26. “The way to get started is to quit talking and begin doing.”– Walt Disney

27. “The successful warrior is the average man, with laser-like focus.”– Bruce Lee

28. “There are no secrets to success. It is the result of preparation, hard work, and learning from failure.”– Colin Powell

29. “Success seems to be connected with action. Successful people keep moving. They make mistakes, but they don’t quit.”– Conrad Hilton

30. “If you really want to do something, you’ll find a way. If you don’t, you’ll find an excuse.”– Jim Rohn

31. “I cannot give you the formula for success, but I can give you the formula for failure–It is: Try to please everybody.”– Herbert Bayard Swope

32. “Success is not the key to happiness. Happiness is the key to success. If you love what you are doing, you will be successful.”– Albert Schweitzer

33. “Success isn’t just about what you accomplish in your life; it’s about what you inspire others to do.”– Unknown

34. “Fall seven times and stand up eight.”– Japanese Proverb

35. “Some people dream of success while others wake up and work.” – Unknown

36. “If you can dream it, you can do it.”– Walt Disney

37. “The difference between who you are and who you want to be is what you do.”– Unknown

38. “A successful man is one who can lay a firm foundation with the bricks that other throw at him.”– David Brinkley

39. “In order to succeed, your desire for success should be greater than your fear of failure.”– Bill Cosby

40. “In order to succeed, we must first believe that we can.”– Nikos Kazantzakis

41. “Many of life’s failures are people who did not realize how close they were to success when they gave up.”– Thomas Edison

42. “Don’t be distracted by criticism. Remember–the only taste of success some people get is to take a bite out of you.”– Zig Ziglar

43. “The secret of success is to do the common thing uncommonly well.”– John D. Rockefeller Jr.

44. “You know you are on the road to success if you would do your job, and not be paid for it.”– Oprah Winfrey

45. “There is a powerful driving force inside every human being that, once unleashed, can make any vision, dream, or desire a reality.” – Anthony Robbins

46. “The secret to success is to know something nobody else knows.”– Aristotle Onassis

47. “I failed my way to success.”– Thomas Edison

48. “I never dreamed about success, I worked for it.”– Estee Lauder

49. “I never did anything worth doing by accident, nor did any of my inventions come indirectly through accident, except the phonograph. No, when I have fully decided that a result is worth getting, I go about it, and make trial after trial, until it comes.”– Thomas Edison

50. “The only place where success comes before work is in the dictionary.”– Vidal Sassoon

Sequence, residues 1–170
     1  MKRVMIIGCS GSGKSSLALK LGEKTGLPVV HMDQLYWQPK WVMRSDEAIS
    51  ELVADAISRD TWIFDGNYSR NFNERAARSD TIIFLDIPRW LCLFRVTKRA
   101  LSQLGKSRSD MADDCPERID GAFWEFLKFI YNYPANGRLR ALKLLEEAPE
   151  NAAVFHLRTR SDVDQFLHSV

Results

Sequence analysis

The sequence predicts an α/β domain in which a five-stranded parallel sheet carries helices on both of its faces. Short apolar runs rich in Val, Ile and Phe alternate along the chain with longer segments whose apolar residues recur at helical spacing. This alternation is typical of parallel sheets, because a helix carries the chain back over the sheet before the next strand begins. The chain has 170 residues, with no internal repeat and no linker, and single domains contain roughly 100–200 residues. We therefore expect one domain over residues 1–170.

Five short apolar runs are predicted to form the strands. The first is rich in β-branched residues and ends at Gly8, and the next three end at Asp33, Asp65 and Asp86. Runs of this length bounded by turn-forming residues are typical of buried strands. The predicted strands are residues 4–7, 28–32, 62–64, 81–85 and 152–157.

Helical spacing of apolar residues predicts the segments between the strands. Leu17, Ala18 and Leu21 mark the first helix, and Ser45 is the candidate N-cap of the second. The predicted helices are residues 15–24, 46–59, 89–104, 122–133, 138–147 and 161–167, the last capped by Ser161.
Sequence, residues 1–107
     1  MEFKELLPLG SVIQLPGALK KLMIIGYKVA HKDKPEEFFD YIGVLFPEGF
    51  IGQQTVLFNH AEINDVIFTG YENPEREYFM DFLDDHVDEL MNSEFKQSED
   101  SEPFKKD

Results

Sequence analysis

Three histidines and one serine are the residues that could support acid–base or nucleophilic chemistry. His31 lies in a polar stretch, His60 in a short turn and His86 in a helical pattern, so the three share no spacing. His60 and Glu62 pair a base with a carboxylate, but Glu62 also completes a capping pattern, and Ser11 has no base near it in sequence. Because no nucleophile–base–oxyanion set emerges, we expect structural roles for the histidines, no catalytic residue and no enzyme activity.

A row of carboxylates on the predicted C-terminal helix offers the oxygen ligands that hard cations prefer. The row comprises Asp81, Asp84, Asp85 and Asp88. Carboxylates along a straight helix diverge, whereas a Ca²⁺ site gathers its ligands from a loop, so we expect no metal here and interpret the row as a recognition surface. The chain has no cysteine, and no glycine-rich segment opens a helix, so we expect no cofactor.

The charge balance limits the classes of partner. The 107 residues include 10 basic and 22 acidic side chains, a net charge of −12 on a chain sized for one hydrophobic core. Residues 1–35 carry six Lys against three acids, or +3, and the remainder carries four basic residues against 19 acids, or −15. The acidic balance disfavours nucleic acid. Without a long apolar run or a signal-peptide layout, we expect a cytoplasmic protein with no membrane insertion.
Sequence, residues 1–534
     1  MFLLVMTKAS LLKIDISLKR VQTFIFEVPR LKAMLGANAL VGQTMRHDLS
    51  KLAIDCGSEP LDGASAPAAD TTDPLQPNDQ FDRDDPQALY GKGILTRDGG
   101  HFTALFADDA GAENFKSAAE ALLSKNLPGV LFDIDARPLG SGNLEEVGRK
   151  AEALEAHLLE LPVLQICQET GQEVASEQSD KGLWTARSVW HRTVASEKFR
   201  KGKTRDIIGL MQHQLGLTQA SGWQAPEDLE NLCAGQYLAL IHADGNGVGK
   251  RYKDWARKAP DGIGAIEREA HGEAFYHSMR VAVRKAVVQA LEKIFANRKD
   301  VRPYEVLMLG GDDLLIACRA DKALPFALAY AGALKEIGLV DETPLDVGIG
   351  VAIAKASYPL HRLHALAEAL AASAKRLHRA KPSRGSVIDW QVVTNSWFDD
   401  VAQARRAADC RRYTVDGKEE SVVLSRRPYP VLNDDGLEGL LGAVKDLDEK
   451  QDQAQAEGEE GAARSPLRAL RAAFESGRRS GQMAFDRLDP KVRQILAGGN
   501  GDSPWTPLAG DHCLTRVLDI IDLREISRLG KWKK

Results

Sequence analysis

51. “Keep on going, and the chances are that you will stumble on something, perhaps when you are least expecting it. I never heard of anyone ever stumbling on something sitting down.”– Charles F. Kettering

What’s your favorite success quote?

This post originally appeared on INC.com. Written by Jayson DeMers.

Jon Flatt is the CEO of KERV Interactive, which produces award-winning interactive video technology that is revolutionizing visual storytelling for brands and advertisers. Before KERV, he was CEO and founder of Red McCombs Media, which was acquired by LIN Media.

Best Websites for Entrepreneurs to Follow in 2019

Do you know the feeling of flicking through a thousand websites to find a relevant piece of information? Or, when you’re looking for inspiration, and after hours all you’ve got is lack of motivation?

Yes, we know it too.

As an entrepreneur, you are more than aware that time is money. And you’re aware that you have to stay up to date with the latest trends to be on the top the game.

For your convenience, we prepared an overview of websites that you may wanna bookmark right now.

Out of thousands of websites, here are the ones, that we consider great sources of information for entrepreneurs and business enthusiasts.

Best websites for entrepreneurs to follow in 2019


This is one of the most trusted resources for senior business executives, providing them the real-time reporting, analysis, uncompromising commentary, relevant tools and community they need to succeed at work, profit from investing and have fun with the rewards of winning.

Entrepreneur Magazine

Offering real solutions to the challenges entrepreneurs face, including tips, tools and insider news to help build and grow your business. It’s a must for startup founders and entrepreneurs.

Wall Street Journal 

The go-to resource for breaking news, investigative reporting, and business coverage.

FORTUNE Magazine